The Arizona Department of Education and the Arizona Health Care Cost Containment System announced plans last week for implementing a practice called the PAX Good Behavior Game.
Arizona teachers will be trained in this program, which is designed to improve student behavior in the classroom and educational performance.
“Addressing the social-emotional needs of our students is a top priority for my administration,” Superintendent of Public Instruction Kathy Hoffman said in a press release. “A comprehensive approach to school safety must include a focus on the mental health of all of our students, including those in early grades. The skills provided to teachers through these trainings will have an enormous impact on our state well into the future.”
According to studies, PAX has been able to help reduce stress among teachers and addiction issues among students while also increasing test scores and other positive outcomes.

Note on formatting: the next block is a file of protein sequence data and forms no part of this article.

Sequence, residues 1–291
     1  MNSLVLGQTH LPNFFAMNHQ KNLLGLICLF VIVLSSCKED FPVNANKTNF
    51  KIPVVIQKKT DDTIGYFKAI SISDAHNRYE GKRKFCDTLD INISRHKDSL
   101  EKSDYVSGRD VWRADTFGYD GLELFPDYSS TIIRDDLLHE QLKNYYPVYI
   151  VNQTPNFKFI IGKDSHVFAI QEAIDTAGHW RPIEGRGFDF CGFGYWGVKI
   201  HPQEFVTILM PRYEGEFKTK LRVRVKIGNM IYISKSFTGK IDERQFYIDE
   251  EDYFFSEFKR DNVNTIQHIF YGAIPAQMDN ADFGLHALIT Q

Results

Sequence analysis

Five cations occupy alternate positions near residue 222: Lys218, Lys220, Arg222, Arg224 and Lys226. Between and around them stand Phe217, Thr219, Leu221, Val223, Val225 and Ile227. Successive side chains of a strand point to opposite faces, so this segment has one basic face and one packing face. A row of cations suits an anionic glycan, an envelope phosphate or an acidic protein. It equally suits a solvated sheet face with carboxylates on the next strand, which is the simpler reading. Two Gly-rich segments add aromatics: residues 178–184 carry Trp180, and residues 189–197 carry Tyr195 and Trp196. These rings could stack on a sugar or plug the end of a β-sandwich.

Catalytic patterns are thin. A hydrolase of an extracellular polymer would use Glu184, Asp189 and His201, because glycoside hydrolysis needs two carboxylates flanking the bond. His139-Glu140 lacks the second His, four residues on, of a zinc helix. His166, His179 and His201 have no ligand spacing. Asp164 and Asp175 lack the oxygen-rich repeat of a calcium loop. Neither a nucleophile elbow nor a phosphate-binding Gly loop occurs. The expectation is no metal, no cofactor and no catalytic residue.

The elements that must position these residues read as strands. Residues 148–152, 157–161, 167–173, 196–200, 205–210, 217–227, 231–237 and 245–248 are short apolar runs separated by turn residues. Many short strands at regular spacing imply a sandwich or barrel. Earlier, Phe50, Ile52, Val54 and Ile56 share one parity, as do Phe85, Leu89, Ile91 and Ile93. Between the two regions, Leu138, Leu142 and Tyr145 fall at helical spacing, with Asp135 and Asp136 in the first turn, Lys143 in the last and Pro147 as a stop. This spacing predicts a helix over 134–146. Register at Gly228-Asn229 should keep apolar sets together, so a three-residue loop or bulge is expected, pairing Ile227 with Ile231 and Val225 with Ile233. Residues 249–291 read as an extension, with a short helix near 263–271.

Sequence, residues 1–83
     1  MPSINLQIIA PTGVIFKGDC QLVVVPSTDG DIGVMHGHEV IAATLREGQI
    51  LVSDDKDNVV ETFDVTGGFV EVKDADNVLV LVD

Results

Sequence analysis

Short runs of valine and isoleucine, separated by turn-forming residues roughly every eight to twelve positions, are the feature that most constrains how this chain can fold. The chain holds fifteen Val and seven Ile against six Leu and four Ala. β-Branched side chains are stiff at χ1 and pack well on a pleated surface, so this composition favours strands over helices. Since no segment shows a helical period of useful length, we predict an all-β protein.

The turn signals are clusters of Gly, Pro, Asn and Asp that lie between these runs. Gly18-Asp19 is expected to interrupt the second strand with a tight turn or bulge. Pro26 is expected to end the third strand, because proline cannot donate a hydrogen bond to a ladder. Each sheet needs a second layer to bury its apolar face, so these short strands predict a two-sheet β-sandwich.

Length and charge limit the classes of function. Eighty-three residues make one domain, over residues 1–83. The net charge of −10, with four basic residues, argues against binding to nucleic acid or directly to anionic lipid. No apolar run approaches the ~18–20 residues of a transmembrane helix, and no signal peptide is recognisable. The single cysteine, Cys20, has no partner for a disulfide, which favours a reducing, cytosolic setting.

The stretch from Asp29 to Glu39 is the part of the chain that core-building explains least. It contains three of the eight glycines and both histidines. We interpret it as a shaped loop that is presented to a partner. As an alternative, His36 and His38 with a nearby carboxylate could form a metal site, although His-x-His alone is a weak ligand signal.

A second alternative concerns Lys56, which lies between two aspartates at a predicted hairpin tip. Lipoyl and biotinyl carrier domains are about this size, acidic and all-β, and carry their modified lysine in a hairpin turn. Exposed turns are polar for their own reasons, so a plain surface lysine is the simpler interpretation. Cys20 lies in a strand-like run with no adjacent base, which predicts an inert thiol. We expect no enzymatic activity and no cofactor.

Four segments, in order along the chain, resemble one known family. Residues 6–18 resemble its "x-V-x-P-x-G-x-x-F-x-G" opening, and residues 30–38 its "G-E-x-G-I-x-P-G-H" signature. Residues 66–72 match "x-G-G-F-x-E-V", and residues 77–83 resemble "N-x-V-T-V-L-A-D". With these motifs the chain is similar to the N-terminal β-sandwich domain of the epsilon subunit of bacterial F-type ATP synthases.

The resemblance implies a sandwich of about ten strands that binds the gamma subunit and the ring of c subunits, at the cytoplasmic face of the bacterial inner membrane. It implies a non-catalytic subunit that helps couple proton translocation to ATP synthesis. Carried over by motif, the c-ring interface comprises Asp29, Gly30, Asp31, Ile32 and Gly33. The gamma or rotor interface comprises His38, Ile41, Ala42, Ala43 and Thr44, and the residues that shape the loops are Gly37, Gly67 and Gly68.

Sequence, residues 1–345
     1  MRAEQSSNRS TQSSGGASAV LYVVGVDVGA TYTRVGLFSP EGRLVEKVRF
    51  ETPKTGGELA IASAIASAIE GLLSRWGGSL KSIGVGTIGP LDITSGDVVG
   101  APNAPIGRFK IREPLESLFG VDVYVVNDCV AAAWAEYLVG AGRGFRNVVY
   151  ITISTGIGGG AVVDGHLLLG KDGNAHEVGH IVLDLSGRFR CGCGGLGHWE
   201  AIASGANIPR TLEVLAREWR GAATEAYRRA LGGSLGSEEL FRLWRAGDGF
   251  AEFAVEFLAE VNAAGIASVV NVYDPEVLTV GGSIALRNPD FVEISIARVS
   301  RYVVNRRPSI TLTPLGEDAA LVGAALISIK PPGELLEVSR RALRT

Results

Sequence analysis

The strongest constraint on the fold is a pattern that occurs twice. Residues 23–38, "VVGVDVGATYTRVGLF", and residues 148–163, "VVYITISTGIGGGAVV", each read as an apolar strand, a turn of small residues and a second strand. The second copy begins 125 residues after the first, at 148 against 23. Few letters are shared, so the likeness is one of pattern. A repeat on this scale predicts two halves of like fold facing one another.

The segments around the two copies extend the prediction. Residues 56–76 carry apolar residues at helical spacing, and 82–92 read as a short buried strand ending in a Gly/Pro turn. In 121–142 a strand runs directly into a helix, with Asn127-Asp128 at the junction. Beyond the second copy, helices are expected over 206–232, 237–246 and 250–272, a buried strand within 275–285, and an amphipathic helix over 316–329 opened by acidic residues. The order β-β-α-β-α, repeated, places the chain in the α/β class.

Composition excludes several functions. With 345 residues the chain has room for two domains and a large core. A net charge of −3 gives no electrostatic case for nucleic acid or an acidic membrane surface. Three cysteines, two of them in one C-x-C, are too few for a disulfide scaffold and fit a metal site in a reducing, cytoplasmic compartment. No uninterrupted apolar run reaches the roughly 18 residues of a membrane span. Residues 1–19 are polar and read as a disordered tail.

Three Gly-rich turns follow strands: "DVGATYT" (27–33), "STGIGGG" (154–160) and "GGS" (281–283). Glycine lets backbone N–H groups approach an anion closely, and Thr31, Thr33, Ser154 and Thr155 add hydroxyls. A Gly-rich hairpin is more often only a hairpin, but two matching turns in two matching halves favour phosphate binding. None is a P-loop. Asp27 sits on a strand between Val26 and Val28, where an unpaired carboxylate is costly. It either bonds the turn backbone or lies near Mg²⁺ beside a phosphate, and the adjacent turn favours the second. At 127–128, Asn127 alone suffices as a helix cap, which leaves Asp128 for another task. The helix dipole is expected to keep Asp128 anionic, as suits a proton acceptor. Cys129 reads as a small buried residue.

“Our scientific colleagues around the world have proven that PAX GBG improves reading and math scores, reduces virtually every addiction over an individual’s lifetime — including from opiates, tobacco or alcohol use — reduces suicide and increases high school graduation, university entry and gainful employment,” Dr. Dennis Embry, president of the Tucson-based PAXIS Institute, said in the release.
The PAX program and training will be funded by the federal opioid prevention budget.
“In addition to treatment and recovery services, Arizona is focusing federal opioid response funding on evidence-based prevention techniques in order to change the trajectory for future generations,” Dr. Sara Salek, AHCCCS chief medical officer, said in the release.
The opioid epidemic is currently running rampant through the U.S.
“The PAX Good Behavior Game is one such prevention program that reduces the likelihood of future opioid use.”
Click here to read the full press release from the Arizona Dept. of Education.